Last Monday, Emery had his stomach scoping. It was scary but he came out of it all well and good and Tuesday morning Aaron hopped on a plane to Chicago 'cause it's Business Trip Season as in, hopefully we'll see him a few days a month between now and the New Year.
Businesses take heed: we'd appreciate if you would budget better and not decide to do all your work during the holiday season
Wednesday early morning I woke with Emery and felt awful but convinced myself it was in my head... a couple of hours later the allergist told me to call 911 (eh, breathing problems were involved) and instead I took a pain pill to deal with it all later in the day.
A few hours later I was in ambulance apologizing for being dramatic while the EMTs freaked out over my low pulse ox readings and ma'am, would you like some morphine? No thanks, I don't want to be dramatic.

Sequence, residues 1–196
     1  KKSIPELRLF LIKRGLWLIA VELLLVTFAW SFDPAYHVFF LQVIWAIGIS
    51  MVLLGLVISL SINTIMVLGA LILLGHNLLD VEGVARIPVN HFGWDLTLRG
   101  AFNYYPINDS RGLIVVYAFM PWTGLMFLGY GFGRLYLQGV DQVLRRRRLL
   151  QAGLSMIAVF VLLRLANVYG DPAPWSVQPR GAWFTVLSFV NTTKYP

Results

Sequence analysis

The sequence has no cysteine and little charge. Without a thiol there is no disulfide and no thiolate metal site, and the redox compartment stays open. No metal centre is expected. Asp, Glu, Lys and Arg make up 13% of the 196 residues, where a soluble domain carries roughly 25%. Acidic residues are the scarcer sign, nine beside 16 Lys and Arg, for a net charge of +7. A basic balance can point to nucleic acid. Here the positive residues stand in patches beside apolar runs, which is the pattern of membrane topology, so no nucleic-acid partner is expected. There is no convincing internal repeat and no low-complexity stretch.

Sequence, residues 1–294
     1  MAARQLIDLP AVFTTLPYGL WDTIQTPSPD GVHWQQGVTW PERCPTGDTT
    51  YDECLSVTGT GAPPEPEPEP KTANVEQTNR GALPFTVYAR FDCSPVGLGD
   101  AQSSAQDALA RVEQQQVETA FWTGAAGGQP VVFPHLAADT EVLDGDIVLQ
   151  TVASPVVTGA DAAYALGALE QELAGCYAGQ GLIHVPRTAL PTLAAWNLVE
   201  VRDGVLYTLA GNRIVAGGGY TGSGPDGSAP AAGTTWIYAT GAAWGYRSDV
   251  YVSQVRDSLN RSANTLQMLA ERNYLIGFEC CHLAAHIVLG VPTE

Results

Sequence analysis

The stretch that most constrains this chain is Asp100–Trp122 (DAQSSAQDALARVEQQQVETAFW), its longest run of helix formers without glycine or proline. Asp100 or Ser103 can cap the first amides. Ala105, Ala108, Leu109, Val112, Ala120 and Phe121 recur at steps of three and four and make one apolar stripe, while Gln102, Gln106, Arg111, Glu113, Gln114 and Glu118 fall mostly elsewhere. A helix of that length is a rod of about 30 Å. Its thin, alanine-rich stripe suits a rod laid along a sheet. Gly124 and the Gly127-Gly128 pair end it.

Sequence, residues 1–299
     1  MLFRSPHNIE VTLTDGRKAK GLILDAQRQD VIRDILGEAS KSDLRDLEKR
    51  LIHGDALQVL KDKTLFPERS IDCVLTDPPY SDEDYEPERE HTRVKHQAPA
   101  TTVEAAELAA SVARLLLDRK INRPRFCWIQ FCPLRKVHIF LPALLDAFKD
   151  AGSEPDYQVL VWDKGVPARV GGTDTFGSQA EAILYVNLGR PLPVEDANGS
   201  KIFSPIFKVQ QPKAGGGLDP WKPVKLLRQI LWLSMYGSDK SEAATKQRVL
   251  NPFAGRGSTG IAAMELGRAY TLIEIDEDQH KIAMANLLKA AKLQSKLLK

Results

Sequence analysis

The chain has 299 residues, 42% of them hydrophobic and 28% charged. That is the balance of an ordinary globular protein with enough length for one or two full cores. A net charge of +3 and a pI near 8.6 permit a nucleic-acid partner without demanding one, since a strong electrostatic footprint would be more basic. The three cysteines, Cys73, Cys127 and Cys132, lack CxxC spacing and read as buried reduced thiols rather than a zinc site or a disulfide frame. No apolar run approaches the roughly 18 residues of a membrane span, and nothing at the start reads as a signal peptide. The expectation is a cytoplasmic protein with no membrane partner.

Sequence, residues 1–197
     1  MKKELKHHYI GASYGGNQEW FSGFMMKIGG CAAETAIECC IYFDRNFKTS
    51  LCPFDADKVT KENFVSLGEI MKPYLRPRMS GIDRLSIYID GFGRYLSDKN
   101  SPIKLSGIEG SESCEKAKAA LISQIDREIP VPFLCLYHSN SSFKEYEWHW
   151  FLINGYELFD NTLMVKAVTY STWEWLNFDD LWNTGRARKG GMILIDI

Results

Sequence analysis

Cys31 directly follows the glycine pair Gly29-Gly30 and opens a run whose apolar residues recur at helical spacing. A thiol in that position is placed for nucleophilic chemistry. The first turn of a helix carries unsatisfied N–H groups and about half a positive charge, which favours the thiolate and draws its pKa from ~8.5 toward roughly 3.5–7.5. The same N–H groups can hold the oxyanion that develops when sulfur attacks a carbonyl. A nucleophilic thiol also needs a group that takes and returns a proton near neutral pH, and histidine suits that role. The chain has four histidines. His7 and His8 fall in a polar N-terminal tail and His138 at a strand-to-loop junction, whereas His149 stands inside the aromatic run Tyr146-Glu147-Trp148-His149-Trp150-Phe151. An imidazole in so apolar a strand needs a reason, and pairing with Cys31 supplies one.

After a few tests, with my dad fretting in the ER with me (he simply does not do well in hospitals) (and my stepmom was home with all the boys), I was admitted. More tests over. Really, I swear - the pain was going to stop soon.
photo courtesy of miss chris
A visit from a good friend (who pulled my hair back while I was sick, oh how hospitals can be so humbling), and a nuclear test later they were certain - my gallbladder had "died" and needed to come out.
Hand to heaven, that's what the surgeons and nurses said, died.
Aaron's swift return home. Surgery. Recovery. It's all blur.
Truth is, I've felt off for quite awhile - but chalked it all up to having a sleepless toddler (2am is prime Party Time, doncha know), with a variety medical problems we're trying to figure out.
Speaking of which, the pathology reports from Emery's scope came back and he has Eosinophilic Esophagitis, which explains his constant puking-of-real-food-but-only-rarely-his-special-formula.
So. sigh. New medicine starting this weekend. More scoping in a few months. Hoping to work with therapies that he can grow and begin eating like a normal child and not (nearly-worst-case scenario) needing a feeding tube in his belly.
I mean, really. Really. This isn't suppose to be a medical blog.